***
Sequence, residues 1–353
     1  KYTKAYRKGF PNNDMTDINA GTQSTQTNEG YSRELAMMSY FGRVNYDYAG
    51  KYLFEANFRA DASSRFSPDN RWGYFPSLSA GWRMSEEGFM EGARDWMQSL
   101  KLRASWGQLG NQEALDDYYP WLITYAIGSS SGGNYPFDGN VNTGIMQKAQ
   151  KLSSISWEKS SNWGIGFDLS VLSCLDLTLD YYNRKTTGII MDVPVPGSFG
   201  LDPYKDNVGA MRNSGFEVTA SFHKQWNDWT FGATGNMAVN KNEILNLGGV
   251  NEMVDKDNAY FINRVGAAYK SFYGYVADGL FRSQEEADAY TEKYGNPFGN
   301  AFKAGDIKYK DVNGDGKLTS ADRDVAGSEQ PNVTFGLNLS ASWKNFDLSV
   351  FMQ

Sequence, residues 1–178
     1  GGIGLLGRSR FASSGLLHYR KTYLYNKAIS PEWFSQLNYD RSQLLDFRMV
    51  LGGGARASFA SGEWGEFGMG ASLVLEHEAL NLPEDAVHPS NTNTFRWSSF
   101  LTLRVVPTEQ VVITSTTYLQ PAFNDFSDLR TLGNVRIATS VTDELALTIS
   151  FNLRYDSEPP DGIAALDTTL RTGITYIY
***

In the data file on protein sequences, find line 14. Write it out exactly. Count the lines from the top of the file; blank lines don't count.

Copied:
   151  FNLRYDSEPP DGIAALDTTL RTGITYIY